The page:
3rd: Nico Rosberg

His season-opening victory in Melbourne was, at the time, credited almost solely as a gift whilst the unreliability of Hamilton’s sister car was blasted. The German has, however, continued to put up a fight as he stood toe-to-toe with Hamilton throughout the entire season. 15 podiums in 19 races is amazing, but 11 pole positions against Lewis Hamilton is ludicrous. Rosberg has driven clinically throughout the season, and at times has perhaps sat back slightly as he hoped for consistency to be his greatest ally. It is remarkable to think that somebody with no title-fighting experience at the top level has remained so composed. Ultimately, though, Hamilton had the edge on Sundays. However, Rosberg’s admirable drives in Canada and Abu Dhabi demonstrated that the second generation star does indeed have the heart of a champion, and will be back even stronger next year.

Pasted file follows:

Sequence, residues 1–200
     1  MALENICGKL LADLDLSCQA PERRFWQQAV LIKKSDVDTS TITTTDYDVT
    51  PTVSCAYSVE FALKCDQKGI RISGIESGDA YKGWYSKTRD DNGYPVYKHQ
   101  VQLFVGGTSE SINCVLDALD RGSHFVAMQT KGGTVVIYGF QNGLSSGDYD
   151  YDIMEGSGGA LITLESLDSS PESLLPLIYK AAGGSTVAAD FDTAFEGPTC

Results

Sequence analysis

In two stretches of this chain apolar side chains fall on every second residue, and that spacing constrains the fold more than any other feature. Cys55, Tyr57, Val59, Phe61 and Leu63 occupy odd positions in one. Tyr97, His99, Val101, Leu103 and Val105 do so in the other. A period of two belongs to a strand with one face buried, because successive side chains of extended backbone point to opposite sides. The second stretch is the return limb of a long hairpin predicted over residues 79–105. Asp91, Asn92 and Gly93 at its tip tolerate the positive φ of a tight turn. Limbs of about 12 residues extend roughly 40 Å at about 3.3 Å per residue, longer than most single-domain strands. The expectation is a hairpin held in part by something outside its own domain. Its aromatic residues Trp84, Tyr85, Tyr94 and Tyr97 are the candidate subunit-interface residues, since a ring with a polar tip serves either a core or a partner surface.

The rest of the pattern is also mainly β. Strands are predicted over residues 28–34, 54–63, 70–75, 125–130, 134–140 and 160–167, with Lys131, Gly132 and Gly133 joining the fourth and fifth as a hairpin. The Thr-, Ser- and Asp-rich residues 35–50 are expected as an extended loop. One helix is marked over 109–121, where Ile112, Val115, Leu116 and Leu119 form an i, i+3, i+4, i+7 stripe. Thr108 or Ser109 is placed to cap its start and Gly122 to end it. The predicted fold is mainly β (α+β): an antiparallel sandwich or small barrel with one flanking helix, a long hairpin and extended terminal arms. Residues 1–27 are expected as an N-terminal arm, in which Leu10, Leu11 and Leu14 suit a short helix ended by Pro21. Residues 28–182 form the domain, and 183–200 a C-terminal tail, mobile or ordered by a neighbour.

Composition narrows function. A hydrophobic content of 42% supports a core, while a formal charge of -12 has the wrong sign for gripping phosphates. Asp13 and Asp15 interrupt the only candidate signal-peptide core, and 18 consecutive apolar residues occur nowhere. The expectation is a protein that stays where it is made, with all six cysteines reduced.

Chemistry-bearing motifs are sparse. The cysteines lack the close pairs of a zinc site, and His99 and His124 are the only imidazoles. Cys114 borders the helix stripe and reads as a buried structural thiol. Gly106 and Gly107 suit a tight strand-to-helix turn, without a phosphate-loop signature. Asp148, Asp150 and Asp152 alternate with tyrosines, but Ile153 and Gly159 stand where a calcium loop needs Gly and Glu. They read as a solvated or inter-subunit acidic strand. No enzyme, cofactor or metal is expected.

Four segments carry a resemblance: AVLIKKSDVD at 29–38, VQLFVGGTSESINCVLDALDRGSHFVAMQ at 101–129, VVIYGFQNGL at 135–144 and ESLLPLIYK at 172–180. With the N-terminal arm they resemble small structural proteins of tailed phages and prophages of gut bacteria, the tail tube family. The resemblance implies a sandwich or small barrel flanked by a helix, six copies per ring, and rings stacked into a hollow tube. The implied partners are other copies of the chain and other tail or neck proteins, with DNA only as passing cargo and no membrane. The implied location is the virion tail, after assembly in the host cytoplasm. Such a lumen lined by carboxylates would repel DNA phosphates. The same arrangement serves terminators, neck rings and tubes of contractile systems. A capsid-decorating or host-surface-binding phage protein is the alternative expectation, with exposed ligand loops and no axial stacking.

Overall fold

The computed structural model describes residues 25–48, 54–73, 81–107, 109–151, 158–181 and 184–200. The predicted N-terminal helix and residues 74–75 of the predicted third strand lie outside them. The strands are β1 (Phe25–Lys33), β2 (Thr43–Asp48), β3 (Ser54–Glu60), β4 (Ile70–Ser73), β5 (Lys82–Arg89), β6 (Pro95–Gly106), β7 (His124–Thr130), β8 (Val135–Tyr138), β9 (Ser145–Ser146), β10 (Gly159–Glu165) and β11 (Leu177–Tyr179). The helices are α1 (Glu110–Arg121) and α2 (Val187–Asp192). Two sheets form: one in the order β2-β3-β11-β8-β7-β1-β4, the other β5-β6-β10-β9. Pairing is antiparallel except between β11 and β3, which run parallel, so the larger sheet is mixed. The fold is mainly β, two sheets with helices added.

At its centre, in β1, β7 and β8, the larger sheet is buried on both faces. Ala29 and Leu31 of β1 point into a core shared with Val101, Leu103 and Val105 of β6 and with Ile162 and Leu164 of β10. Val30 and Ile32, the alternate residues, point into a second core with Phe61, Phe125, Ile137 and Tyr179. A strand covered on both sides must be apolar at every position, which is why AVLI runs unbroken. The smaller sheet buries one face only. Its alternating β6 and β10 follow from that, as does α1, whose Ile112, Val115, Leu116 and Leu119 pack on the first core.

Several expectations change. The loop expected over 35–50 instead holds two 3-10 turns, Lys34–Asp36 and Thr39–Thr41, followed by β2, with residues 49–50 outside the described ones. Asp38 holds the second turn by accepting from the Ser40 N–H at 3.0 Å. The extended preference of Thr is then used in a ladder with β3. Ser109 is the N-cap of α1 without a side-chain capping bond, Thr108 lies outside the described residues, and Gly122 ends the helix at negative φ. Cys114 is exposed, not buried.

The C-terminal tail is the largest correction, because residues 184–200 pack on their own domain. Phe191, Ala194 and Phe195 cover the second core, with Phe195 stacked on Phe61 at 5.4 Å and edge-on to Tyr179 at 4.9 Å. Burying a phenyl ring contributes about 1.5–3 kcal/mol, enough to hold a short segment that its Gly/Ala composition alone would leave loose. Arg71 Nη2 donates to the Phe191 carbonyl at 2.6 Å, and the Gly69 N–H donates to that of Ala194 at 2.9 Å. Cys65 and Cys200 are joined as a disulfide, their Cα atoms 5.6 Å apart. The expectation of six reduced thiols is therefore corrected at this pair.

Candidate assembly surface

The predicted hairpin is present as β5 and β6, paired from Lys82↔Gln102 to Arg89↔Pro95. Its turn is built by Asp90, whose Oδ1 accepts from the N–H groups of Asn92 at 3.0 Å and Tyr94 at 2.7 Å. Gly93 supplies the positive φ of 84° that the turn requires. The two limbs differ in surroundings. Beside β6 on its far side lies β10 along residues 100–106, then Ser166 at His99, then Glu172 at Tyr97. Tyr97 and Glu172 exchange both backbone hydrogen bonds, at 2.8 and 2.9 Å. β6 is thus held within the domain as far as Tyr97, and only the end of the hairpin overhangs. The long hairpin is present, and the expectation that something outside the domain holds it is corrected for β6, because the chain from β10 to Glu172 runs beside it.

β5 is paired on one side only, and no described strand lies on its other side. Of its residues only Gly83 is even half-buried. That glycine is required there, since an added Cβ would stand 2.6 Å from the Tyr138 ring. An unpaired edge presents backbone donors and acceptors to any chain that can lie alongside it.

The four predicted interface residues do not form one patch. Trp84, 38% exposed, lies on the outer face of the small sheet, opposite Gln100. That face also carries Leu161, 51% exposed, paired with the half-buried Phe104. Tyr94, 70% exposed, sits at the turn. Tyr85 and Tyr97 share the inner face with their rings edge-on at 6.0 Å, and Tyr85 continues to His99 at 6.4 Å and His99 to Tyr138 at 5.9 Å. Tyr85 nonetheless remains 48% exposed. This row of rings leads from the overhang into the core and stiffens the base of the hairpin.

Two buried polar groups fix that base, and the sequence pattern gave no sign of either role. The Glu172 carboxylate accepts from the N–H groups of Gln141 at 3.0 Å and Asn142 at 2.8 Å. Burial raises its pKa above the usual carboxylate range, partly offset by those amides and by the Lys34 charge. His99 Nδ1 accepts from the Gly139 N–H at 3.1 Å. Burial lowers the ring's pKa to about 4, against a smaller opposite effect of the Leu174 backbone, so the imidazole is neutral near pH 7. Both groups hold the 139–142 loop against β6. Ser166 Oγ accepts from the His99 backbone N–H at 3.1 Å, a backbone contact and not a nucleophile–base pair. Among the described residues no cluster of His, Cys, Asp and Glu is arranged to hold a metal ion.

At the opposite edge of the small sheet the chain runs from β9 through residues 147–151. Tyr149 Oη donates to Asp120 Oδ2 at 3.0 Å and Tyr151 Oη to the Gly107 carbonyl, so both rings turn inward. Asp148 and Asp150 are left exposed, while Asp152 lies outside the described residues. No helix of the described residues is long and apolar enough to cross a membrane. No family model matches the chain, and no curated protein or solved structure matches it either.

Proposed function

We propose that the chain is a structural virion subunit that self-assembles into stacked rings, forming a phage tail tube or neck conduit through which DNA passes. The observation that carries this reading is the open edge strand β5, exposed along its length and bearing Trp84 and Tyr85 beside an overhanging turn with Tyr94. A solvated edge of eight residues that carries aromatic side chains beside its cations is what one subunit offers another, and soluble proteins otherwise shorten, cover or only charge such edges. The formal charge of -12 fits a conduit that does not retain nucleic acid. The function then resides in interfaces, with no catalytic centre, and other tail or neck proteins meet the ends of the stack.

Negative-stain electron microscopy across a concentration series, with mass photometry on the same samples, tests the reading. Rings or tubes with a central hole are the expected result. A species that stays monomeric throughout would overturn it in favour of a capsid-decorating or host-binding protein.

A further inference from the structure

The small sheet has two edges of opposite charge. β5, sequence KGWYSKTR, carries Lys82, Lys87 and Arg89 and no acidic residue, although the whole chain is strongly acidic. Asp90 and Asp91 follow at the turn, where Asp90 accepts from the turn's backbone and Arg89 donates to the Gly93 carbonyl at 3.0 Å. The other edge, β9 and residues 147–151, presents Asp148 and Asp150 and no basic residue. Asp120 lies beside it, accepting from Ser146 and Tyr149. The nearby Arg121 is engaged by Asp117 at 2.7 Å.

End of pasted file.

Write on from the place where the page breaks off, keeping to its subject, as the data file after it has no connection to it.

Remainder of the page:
2nd: Lewis Hamilton

With 11 race wins to his name, Lewis Hamilton had to take the championship. He has driven the entire season with dedication, conviction and – most importantly – determination. The Briton’s ability to bounce back from every technical blunder and microscopic but catastrophic error to eventually overturn his title rival’s 29-point post-Spa gap has been simply astonishing. However, Hamilton’s already established world class ability, coupled with the insanely dominant equipment he had at his disposal means in reality, the World Championship was nothing more than an expectation.

1st: Daniel Ricciardo

To take 3 wins in his debut season at the sport’s pinnacle is one thing, but to have snatched them from the jaws of the relentlessly dominant Mercedes duo, alongside the defending four-time world champion is entirely another. Daniel Ricciardo has finished ahead of Sebastian Vettel in 11 out of the 14 races they have both finished. Ricciardo’s giant-killing performances have to be enough to justify his position atop the mountain of talent that F1 has to offer. Should Red Bull provide the Aussie ace with a competent car next year, it would not be unreasonable to consider him a genuine title contender.